Yes, Right to Buy still exists. But it's only available if you live in England. You won't be eligible if you're in Scotland or Wales. The Right to Buy scheme still exists in Northern Ireland, but the maximum discount you’ll be eligible for is £24,000.
Right to Buy was set up by the UK government in the 1980s, and gives you the opportunity to buy your council home for a discounted price.
To qualify for the scheme, you need to meet the following criteria:
The property you want to buy is your only home
The property doesn't have any shared facilities with other households (like a flat with a communal bathroom or kitchen shared with others on your floor)
You've had a public sector landlord for three years (councils, armed forces, NHS trusts/NHS foundation trusts)
You're not currently in any legal battles with a creditor
The Right to Buy scheme offers a big discount on the price of buying your home. The maximum discount you can get through the Right to Buy scheme is £84,200 or £112,300 if you live in London. This is regardless of how long you have lived in your home, or how much it is worth.
You can read more about the Right to Buy scheme and apply on the government website.
They’re similar, but there is a difference between Right to Buy and Right to Acquire.
Right to Acquire is meant for housing association tenants. Right to Buy is for council tenants. If you were a council tenant when your home moved to housing association ownership, then you'll need the Right to Buy scheme.
For Right to Acquire, the maximum discount available is £16,000, and the discount you'll get depends on where you live. If you sell the property within five years of buying it, you'll need to pay back some or all of the discount you received. If you sell within 10 years, you'll need to offer it to your previous landlord or another local social landlord.
You can apply for the Right to Acquire scheme using the Right to Acquire application form.
Unless you can pay for it outright, if you want to buy your council house you’ll need to apply for a Right to Buy mortgage.
Buying your home through the Right to Buy mortgage scheme is similar to buying a property on the open market. You can also apply for a joint Right to Buy mortgage with another person.
If you’re thinking of buying your council or housing association home, you'll probably need advice from a specialist broker before starting a mortgage application. Someone who knows the market and has dealt with people just like you.
It depends on the lender, but most mortgage companies won’t require a deposit to give you a Right to Buy mortgage. Some will be willing to use the discount you received on your home as a deposit. However, some lenders might ask you to put down some cash up front (around 5-10% of the property value) regardless of the Right to Buy discount.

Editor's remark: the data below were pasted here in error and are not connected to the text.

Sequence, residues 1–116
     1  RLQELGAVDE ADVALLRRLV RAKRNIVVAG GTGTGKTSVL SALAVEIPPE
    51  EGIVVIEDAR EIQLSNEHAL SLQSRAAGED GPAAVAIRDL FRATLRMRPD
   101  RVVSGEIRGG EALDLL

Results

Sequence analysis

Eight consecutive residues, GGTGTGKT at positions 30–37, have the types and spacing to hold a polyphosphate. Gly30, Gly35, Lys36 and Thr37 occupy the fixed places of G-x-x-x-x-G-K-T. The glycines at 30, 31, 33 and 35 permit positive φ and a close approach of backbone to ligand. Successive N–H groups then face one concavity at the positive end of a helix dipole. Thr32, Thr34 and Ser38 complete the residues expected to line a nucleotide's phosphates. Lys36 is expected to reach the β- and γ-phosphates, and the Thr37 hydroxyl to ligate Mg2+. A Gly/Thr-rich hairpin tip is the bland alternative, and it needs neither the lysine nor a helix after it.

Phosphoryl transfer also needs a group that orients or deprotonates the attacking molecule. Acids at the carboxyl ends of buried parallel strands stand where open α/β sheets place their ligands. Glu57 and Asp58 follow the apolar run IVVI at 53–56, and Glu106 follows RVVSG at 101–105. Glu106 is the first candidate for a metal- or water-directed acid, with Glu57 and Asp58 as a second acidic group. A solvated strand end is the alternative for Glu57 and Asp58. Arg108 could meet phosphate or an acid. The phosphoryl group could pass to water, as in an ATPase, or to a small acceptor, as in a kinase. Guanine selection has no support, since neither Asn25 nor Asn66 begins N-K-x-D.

Because of this, the Right to Buy scheme is a good way to get on the property ladder if you have a low income or can't save a lot of money.
Yes, it’s possible to get a Right to Buy mortgage with bad credit. But it will be more difficult than if you had an ‘Excellent’ or ‘Good’ credit score. Bad credit is a term used if you have a low credit score. It can be caused if you’ve had any issues in the past with repaying credit cards, utility bills, a mortgage or any missing payments on any of your bills.
Once your landlord has agreed to sell your council home to you, the Right to Buy mortgage application process is basically the same as it would be if you were buying a house on the open market.
Lenders will also look at the circumstances around your credit issues, like how much money was involved and how long ago it took place. You can get an idea of how much you could borrow on a mortgage with our Bad Credit Calculator
What causes bad credit?
Having no credit history
If you don’t have a credit history, credit reference agencies have no way of judging your creditworthiness.
Not sticking to your credit agreements
Mortgage lenders want to know you're trustworthy. Missed payments, late payments, or paying less than the minimum balance all goes on your credit report.
Unsurprisingly, being declared bankrupt really affects your credit score, and will stay on your credit report for six years.
Choosing the wrong credit card for you
A credit card can either improve or ruin your credit rating, so you need to choose wisely. You should go for a card with a limited credit limit and interest rates you can handle.
Having a CCJ
A County Court Judgement (CCJ) is a type of court order in England, Wales and Northern Ireland. A CCJ will be registered against you if you fail to repay money you owe, and will stay on your credit record for six years.
Being a victim of identity theft
It's not nice, but identity theft happens. Fraudsters don’t care about your perfect credit rating and will run up huge bills and damage your credit score. Secure online banking can also be risky. Make sure to regularly monitor your banking transactions and quickly cancel your credit cards if you see anything suspicious.
Only paying the minimum each month
It can be tempting, but you should avoid paying off the bare minimum when it comes to your credit card. If you can, try paying a set amount. This will mean you spend less on interest and improve your credit score.
Being in an IVA
An Individual Voluntary Arrangement (IVA) is a repayment agreement made between a borrower and a lender when they're unable to pay their debts. Details of your IVA will stay on a public register for the length of the IVA. They will be removed three months after the IVA has ended.
For more definitions of different financial and mortgage-related terms, check out our glossary.
If you're confused about your credit score, read our Guide: What is a Bad Credit Score
If you want to apply for a Right to Buy mortgage but are worried about your score, read our Guide: How to Improve Your Credit Score Before You Apply For a Mortgage
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